Conclusion. The studied compound has a pronounced ability to suppress PA when administered intravenously in vivo in two concentrations, equivalent to doses of 10 and 100 mg/kg, and its effect is superior to the comparator acetylsalicylic acid, which is used in clinical practice as an antiplatelet drug.

Annals of Clinical and Experimental Neurology. 2020;14(3):53-59
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Non-pharmacological prevention and correction of cognitive disorders

Raskurazhev A.A., Kuznetsova P.I., Tanashyan M.M.


This review deals with research on the effect of board games on the prevention of cognitive disorders in the older population. It is known that activities using board games significantly enhance educational and intellectual abilities in children. However, data on the effect of such interventions in older patients (including those at risk for developing dementia) are few and equivocal. In the Bronx Aging Study, reading, board games, playing musical instruments, and dancing were associated with a reduced risk of cognitive disorders. The MoVIES study assessed the cognitive status of 942 participants aged 65 years and older, and a lower risk of dementia was found in those who devoted more than 1 hour per day to 'recreational activities'. The French study of the PAQUID cohort showed that those who regularly played board games had a 15% lower risk of developing dementia than those who did not.

This review attempts to systematize the known data (including functional MRI data) on how playing board games influences changes in cognitive function. The article covers memory mechanisms that are necessary components of cognitive health. Structures that are directly involved in long-term memory formation, especially explicit memory, including the hippocampus, parahippocampal gyrus, and entorhinal cortex, are described.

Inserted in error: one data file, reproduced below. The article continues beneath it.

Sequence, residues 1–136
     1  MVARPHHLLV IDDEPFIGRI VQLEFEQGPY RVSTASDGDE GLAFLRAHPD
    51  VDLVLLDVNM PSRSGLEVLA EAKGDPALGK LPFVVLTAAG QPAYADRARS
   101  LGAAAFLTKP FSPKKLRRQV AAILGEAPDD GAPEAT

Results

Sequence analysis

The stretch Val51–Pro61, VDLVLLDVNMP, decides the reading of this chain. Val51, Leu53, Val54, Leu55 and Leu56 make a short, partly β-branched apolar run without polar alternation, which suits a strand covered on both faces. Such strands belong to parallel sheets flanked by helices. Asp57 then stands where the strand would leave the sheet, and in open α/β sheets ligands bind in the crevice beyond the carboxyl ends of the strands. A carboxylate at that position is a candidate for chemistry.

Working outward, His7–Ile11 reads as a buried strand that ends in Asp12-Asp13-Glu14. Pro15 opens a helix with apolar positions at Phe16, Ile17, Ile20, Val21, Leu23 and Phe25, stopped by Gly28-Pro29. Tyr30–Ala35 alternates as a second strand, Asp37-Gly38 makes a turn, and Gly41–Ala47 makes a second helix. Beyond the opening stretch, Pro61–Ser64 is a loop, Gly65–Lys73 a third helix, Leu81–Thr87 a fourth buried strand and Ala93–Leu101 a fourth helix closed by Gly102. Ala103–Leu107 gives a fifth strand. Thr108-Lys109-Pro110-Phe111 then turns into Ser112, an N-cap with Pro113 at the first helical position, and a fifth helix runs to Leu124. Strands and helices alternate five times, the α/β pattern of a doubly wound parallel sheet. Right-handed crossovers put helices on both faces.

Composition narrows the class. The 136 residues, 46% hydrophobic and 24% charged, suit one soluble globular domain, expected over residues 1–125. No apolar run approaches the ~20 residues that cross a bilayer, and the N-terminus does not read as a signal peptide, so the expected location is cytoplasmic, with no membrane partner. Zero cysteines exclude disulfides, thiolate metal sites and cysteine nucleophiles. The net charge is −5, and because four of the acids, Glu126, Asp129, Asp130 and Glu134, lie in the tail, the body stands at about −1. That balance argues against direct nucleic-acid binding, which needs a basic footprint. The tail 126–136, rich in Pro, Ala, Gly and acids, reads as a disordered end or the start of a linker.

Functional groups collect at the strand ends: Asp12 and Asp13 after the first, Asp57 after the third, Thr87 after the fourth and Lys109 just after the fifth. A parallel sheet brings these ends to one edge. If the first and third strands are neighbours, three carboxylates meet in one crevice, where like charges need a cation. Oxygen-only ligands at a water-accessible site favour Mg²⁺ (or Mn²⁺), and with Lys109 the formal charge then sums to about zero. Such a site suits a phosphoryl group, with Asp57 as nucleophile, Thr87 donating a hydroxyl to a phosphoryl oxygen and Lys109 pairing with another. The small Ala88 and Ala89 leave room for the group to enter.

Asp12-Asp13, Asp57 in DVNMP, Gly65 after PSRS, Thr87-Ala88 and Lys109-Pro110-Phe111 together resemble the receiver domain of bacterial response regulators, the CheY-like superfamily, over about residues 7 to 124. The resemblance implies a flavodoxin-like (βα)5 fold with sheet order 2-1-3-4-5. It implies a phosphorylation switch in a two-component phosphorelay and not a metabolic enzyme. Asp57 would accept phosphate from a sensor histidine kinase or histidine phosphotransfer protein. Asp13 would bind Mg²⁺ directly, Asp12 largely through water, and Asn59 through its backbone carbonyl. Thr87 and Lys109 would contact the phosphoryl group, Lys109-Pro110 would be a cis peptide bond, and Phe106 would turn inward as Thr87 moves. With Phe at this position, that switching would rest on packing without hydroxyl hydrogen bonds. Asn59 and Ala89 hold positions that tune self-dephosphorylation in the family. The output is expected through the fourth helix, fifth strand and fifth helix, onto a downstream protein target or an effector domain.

The article includes studies covering not only geographical, economic and social status, age, gender, and level of cognitive load, but also the different assessments measuring the effect board games have on the brain. Different assessment methods and functional MRI data have demonstrated the potential effectiveness of using board games in the prevention of both age-related and pathological intellectual ageing.

Annals of Clinical and Experimental Neurology. 2020;14(3):60-65
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Electrocorticography in patients with severe traumatic brain injury

Sinkin M.V., Talypov A.E., Kordonskaya O.O., Komoltsev I.G., Solodov A.A., Grin A.A., Krylov V.V.


Introduction. The frequency of adverse outcomes in patients with severe traumatic brain injury (TBI) exceeds 25%. Epileptic seizures and vasospasm, in the absence of pathogenetic treatment, cause irreversible brain damage and thus complicate the course of severe TBI. Bedside electroencephalography (EEG) is traditionally used to diagnose these conditions. However, its low spatial resolution when recording from the scalp and a large number of artefacts that make it challenging to analyse the data.

Materials and methods. Electrocorticography (ECoG) monitoring was performed using subdural electrodes implanted in the traumatic brain lesion during TBI surgery in 11 patients during the acute period of severe TBI. All patients were concurrently monitored using scalp EEG with subdermal needle electrodes.

Results. Analysis of scalp recordings showed frequency disturbances and oscillation asymmetry in all patients, while sporadic epileptiform activity and rhythmic and periodic patterns were detected in 18% and 64% of subjects, respectively. Analysis of invasive EEG showed sporadic epileptiform activity in 27% of patients, while rhythmic and periodic patterns were present in 91%. Moreover, epileptiform activity was registered only by the subdural leads in 3 patients. The total percentage of subjects in whom we registered clinical and electrographic signs of convulsive and non-convulsive status epilepticus using EEG and ECoG was 55%. We found indirect EEG signs of slow-spreading cortical depolarization in one patient whose level of consciousness was coma, followed by an electrographic pattern of status epilepticus on ECoG.